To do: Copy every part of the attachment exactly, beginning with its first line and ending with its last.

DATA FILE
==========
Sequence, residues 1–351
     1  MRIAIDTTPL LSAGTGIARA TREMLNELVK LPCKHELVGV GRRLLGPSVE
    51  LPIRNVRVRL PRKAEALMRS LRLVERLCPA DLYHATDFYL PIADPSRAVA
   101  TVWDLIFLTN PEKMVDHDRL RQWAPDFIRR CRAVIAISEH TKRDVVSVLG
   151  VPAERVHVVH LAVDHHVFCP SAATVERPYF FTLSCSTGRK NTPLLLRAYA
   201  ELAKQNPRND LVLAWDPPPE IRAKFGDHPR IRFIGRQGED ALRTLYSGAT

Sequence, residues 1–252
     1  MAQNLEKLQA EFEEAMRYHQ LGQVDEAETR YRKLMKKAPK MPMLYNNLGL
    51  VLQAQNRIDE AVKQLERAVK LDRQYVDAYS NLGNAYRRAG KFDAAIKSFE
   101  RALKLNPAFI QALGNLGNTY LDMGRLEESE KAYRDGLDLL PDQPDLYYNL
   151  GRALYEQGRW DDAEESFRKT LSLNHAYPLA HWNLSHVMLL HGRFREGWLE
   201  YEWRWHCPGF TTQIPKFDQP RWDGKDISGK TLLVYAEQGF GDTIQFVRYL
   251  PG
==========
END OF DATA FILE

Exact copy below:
Sequence, residues 1–351
     1  MRIAIDTTPL LSAGTGIARA TREMLNELVK LPCKHELVGV GRRLLGPSVE
    51  LPIRNVRVRL PRKAEALMRS LRLVERLCPA DLYHATDFYL PIADPSRAVA
   101  TVWDLIFLTN PEKMVDHDRL RQWAPDFIRR CRAVIAISEH TKRDVVSVLG
   151  VPAERVHVVH LAVDHHVFCP SAATVERPYF FTLSCSTGRK NTPLLLRAYA
   201  ELAKQNPRND LVLAWDPPPE IRAKFGDHPR IRFIGRQGED ALRTLYSGAT

Sequence, residues 1–252
     1  MAQNLEKLQA EFEEAMRYHQ LGQVDEAETR YRKLMKKAPK MPMLYNNLGL
    51  VLQAQNRIDE AVKQLERAVK LDRQYVDAYS NLGNAYRRAG KFDAAIKSFE
   101  RALKLNPAFI QALGNLGNTY LDMGRLEESE KAYRDGLDLL PDQPDLYYNL
   151  GRALYEQGRW DDAEESFRKT LSLNHAYPLA HWNLSHVMLL HGRFREGWLE
   201  YEWRWHCPGF TTQIPKFDQP RWDGKDISGK TLLVYAEQGF GDTIQFVRYL
   251  PG